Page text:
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General Epistemology        Chapter II-5       




(Permalink)(Split from chapter 15 in version 1)

Comparizon on the role of physical measurement
and human sensitivity in the new epistemology.

(Permalink) This lengthy sub chapter was added later into the discussion: for a better understanding of this chapter, a «concrete» comparison of the three domains, physics, mathematics and consciousness, will allow to settle our minds, as well on the level of the method as on the level of its validity.

In physics epistemology, one uses an experiment, or an experimental device, assembly of physical elements, in order to provoke the considered phenomenon, that we shall then observe with the help of an observation instrument. As our consciousness is unable to directly perceive a physical phenomenon, the whole experiment will forcibly include one of our sensory organs. (The direct observation of a physical phenomenon by the consciousness is an extrasensorial perception, but this mean is seldom used in physical science labs today!). In order to make this work, we need an element which is sensitive to the considered phenomenon, called a measure instrument. For instance, for an electrical voltage, we need a physical element sensitive to the electricity phenomenon, like the mobile coil of a galvanometer. Second we need something which translates the phenomenon into something observable with the eye: the galvanometer coil moves a needle in front of numbers written on a dial. But we still need the vision organ, third part of the apparatus, which translates this image into a neural signal. At last, the brain transforms this signal into a consciousness experience: only then we observe. This fourth element seems so obvious that it is always implicit in the classical physics epistemology. But I tell this literally here, in order to carefully show the unity and nuances between the three domains.

In the mathematical epistemology, we find again the same disposition: an experiment (called in this case a demonstration) allows to observe a mathematical phenomenon (for instance a theorem), to put it on stage. But this experiment is now a conceptual system (chapter I-9). This system will comprise an «observation instrument», this meaning some supplementary conceptual elements, in order to reduce the problem to a simple conclusion about our theorem. This is the equivalent of the measure instrument in physics. But now, we do no more need a sensory organ, as our consciousness is able to directly perceive the conceptual systems used into the demonstration. This is a property of consciousness. I should say that, in mathematics, it is our consciousness itself which is our observation instrument, as it needs nothing else. (Material objects such as paper, pencils or computers are only helps to cope with its limited performances, their presence or their absence does not matter into the demonstration.) But we still need the experimental device, which is here a conceptual system (the demonstration).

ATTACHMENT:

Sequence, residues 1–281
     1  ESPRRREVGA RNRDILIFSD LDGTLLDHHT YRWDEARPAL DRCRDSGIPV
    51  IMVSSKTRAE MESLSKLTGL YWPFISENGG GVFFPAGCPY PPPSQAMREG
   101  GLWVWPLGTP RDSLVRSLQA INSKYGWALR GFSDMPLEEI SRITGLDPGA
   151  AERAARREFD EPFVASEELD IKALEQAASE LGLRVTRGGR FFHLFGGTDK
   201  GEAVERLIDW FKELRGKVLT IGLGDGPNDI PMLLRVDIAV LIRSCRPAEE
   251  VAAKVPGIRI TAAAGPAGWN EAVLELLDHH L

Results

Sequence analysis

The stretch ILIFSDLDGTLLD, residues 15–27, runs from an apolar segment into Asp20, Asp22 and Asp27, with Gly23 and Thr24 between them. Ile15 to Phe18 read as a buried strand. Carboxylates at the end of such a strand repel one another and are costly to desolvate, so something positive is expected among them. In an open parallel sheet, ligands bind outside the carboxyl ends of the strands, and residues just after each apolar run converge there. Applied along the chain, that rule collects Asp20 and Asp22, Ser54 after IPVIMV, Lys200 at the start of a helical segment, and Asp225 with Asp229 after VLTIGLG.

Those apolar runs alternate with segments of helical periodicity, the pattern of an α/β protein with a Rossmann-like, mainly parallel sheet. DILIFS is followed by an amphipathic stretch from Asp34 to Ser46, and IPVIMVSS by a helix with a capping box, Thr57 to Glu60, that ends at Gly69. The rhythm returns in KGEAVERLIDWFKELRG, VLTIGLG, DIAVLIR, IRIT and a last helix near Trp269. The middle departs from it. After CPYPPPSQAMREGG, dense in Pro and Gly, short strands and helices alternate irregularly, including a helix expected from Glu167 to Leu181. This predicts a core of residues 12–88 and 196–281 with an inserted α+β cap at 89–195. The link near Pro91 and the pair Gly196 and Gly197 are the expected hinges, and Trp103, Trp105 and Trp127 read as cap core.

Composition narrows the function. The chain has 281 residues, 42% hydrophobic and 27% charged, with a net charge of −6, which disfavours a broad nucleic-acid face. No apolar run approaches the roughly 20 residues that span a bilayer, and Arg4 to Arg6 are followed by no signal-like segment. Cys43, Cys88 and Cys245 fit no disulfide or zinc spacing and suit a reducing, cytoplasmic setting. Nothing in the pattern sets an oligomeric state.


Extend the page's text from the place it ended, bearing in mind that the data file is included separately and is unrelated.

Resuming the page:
This practical difference between physics epistemology and mathematics epistemology, will allow us to understand the consciousness epistemology, because it is based on the same theory than the mathematics epistemology.

And, should it be reminded, the mathematic epistemology is recognized.

At last into the epistemology of consciousness that I propose here, we still find the same device than in mathematics, allowing to observe something which is within the consciousness. The only difference is that, instead of limiting us to the observation of a conceptual system, we shall observe any other phenomenon of the consciousness. These phenomena are of the same consciousness nature, at last, than a conceptual system, just of different kinds. The experimental device will thus be adapted to this domain: a consciousness experience, exactly as we used a physics experiment in the domain of physics, of a conceptual system in mathematics. (I propose «experiment-experimenter» in physics, and «experience-experiencer», note 14, for the spiritual domain.) However, as in mathematics, our consciousness is able to directly observe the consciousness phenomena... this is the definition of being conscious!